7 Things To Know Before You Use Zelle

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When it comes to payment apps, Zelle is one of the most popular ones out there. While the money-transfer app makes it very easy to send and receive money to someone, there are some very big drawbacks that you should be concerned about.

Namely, Zelle has been exploited by criminals to defraud people out of their hard-earned money. The prevalence of Zelle scams — and the lack of accountability from the banks that partner with it — is one reason money expert Clark Howard is not a fan.

Zelle: What To Know About the Popular Payment App

In this article, we’re going to go over what you need to know about Zelle before you use it and how to protect yourself if something happens to your money.

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1. What Is Zelle and How Does It Work?

Zelle is a payment app run by Early Warning Systems LLC, a financial services consortium that is actually owned by a group of big banks.

The good thing is that Zelle itself doesn’t charge a fee to send or receive money. The banks and credit unions that use Zelle may have fees, though. You’ll have to check with your banking institution.

Zelle works as a standalone app or you may be able to access it through your bank’s website or app. To get started using Zelle, you can sign up either of two ways:

  • Download the Zelle app on Android or iOS
  • Enroll your email address or phone number from your bank account

Once you’re connected, you can send a payment by entering their email address or mobile phone number.

2. Can You Cancel a Zelle Payment?

The bad thing about Zelle is that there’s no way to cancel a payment to another user. That means if you send money to the wrong person, get hacked or your phone is stolen, you may be in big trouble!

Here’s what it says on Zelle’s website: “If your recipient has already enrolled with Zelle, the money is sent directly to your recipient’s bank account and cannot be canceled.”


In a recent report on Zelle fraud prepared by U.S. Sen. Elizabeth Warren, only 47% of the Zelle users who file unauthorized transaction claims involving Zelle have been able to get their money back from their financial institutions. Of the four big banks that provided Zelle data, here are the refund/reimbursement figures in the period covering 2021 and the first half of 2022:

BanksReported Fraud CasesDollar Amount of Unauthorized TransactionsCases RefundedDollar Amount Refunded % of Cases Not Refunded
Bank of America81,797$125 millionN/A$56.1 millionLess Than 45% (dollar value)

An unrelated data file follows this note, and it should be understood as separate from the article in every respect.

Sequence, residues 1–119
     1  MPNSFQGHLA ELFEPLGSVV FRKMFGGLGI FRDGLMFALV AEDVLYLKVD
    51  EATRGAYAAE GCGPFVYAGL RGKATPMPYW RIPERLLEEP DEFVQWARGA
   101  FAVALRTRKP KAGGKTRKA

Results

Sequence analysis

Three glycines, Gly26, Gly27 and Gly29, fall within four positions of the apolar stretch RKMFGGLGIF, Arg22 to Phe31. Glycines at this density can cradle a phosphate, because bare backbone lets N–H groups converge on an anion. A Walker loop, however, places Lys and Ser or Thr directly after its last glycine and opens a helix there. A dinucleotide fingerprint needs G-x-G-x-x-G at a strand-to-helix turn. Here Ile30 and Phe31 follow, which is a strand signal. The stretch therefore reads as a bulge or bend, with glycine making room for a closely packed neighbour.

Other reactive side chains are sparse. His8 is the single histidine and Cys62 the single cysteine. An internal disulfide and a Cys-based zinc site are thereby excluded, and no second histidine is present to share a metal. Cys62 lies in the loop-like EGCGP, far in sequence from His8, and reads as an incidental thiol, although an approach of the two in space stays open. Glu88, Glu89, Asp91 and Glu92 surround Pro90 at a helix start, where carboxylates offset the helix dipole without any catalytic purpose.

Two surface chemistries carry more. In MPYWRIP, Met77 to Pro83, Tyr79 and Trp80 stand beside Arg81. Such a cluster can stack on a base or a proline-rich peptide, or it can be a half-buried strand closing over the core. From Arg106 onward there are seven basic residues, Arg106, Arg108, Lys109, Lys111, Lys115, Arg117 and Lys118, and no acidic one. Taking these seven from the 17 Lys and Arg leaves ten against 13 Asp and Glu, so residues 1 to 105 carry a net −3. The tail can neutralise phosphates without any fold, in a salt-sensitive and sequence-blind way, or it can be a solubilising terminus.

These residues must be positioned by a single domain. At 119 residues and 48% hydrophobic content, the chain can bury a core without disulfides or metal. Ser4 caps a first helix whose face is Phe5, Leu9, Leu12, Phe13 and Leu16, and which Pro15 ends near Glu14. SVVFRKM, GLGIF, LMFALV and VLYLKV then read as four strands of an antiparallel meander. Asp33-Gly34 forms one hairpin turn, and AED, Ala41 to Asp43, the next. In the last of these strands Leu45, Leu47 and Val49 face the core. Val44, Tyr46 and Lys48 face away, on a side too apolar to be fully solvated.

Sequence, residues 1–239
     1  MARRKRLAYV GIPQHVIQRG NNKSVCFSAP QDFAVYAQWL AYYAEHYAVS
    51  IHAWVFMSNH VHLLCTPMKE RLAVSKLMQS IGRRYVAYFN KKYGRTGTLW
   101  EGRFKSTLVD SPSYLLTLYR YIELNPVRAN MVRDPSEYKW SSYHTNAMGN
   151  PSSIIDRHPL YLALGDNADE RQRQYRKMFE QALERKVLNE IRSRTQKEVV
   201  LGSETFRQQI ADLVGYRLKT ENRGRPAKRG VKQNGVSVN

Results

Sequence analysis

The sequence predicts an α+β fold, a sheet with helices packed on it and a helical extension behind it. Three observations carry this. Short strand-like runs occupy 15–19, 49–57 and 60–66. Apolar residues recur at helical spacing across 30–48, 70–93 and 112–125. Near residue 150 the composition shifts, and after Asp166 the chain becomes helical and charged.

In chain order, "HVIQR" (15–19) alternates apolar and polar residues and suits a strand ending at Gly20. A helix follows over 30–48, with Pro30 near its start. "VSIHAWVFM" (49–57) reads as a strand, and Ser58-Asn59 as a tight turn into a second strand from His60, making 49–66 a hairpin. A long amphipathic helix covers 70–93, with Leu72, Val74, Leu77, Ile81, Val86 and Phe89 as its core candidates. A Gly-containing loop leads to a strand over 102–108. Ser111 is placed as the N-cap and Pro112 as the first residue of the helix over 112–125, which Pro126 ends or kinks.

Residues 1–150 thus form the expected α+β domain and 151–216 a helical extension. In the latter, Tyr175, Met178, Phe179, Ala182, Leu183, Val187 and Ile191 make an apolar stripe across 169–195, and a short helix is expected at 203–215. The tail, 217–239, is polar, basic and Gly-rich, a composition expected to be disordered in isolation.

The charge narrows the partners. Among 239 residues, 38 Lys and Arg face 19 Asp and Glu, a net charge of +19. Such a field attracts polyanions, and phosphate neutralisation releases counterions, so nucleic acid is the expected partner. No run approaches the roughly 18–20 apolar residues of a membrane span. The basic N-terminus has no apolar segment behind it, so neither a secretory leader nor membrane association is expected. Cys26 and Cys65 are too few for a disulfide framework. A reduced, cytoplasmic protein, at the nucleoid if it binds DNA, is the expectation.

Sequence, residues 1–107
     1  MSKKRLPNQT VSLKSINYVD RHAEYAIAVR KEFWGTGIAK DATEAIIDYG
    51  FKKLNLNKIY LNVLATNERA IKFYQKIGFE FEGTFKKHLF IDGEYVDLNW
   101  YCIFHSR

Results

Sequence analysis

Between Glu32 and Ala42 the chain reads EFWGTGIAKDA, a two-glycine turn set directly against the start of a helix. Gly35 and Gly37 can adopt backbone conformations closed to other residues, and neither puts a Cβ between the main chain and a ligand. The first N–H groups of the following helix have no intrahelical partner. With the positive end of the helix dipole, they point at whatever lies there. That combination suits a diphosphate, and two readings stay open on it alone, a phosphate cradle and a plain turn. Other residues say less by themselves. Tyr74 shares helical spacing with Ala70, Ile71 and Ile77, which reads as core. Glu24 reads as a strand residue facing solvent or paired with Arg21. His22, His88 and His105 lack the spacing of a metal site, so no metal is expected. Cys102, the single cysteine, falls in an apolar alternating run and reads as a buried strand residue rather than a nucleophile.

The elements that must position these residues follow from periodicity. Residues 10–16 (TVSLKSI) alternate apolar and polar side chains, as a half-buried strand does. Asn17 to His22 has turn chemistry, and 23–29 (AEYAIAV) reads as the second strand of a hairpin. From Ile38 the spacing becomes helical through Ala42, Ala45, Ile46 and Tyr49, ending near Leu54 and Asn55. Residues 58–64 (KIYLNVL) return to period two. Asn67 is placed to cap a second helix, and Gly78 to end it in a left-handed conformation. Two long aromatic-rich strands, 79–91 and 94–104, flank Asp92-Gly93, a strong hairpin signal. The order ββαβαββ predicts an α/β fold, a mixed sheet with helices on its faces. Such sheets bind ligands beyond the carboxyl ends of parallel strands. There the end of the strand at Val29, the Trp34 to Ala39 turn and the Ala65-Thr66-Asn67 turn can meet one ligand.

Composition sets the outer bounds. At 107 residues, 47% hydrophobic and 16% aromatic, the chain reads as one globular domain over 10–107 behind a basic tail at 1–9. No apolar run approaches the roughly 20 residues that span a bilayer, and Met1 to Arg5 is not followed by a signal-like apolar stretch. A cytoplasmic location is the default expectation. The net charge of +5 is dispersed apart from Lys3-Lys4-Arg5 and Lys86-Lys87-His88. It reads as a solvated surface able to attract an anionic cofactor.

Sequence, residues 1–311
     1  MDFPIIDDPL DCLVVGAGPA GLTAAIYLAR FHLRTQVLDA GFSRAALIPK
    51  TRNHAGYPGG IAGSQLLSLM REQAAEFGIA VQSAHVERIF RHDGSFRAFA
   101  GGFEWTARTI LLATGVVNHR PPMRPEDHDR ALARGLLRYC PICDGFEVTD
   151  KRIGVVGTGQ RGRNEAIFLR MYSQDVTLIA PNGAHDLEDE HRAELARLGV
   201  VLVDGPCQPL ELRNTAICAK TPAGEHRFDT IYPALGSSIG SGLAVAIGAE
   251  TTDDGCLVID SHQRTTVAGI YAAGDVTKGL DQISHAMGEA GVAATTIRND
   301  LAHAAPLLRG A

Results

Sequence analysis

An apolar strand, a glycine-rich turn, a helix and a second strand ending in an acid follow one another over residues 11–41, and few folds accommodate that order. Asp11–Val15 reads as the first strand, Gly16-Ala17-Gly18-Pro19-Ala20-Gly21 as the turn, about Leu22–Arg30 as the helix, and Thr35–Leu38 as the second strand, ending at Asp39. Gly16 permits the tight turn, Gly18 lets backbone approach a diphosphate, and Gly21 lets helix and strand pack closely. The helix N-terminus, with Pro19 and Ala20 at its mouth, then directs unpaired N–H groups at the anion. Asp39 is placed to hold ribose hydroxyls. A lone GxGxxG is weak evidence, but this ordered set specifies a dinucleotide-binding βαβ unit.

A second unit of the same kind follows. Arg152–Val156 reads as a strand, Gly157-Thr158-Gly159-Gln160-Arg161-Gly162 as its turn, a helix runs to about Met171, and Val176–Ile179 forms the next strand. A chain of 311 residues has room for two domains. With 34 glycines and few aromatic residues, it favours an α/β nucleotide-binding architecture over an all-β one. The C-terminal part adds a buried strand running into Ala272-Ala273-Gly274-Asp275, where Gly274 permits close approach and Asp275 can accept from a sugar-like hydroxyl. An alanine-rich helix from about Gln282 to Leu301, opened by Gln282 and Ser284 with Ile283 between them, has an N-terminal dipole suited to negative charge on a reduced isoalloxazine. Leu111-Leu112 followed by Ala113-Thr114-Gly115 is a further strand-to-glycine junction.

PNC10,683$10.6 million1,495 $1.4686%
Truist24,752$24.4 million20,349$20.8 million18%
U.S. Bank28,642$16.2 million8,242less than $4.7 millionOver 70%

3. What To Do if You’ve Made an Unauthorized Payment on Zelle

If you’ve made an unauthorized payment on Zelle, one path of recourse that consumers can use is to contact the Consumer Financial Protection Bureau (CFPB).

I called the CFPB to see how they handle Zelle complaints and the consumer support agent instructed me to follow these steps:

  • First, contact Zelle at 1-844-428-8542.
  • Contact your financial institution and tell them about the matter.
  • If neither can resolve the issue, go to cfpb.gov, create an account and file a complaint.

You might also want to file a fraud complaint with the Federal Trade Commission at ftc.gov/complaint.

4. What Banks Use Zelle?

On its website, the company says to “look for Zelle in your banking app” because so many of them include the service in their platforms. Here’s a screenshot of the Zelle portal inside the Wells Fargo app:

Everything you need to know about Zelle app

Zelle says it has more than 1.000 financial institutions on board. Here are some financial institutions that have Zelle integration in their apps:

  • Comerica Bank
  • Navy Federal Credit Union
  • Regions Bank
  • Southern Bank & Trust Co.
  • TD Bank N.A.
  • U.S. Employees Credit Union

5. Why Zelle Is Controversial

Of all the popular payment apps out there, Zelle is one of the most controversial because it has been making the most headlines when it comes to common scams that criminals are committing with it.

Imposters have been using the service to defraud people, costing them in some cases thousands of dollars.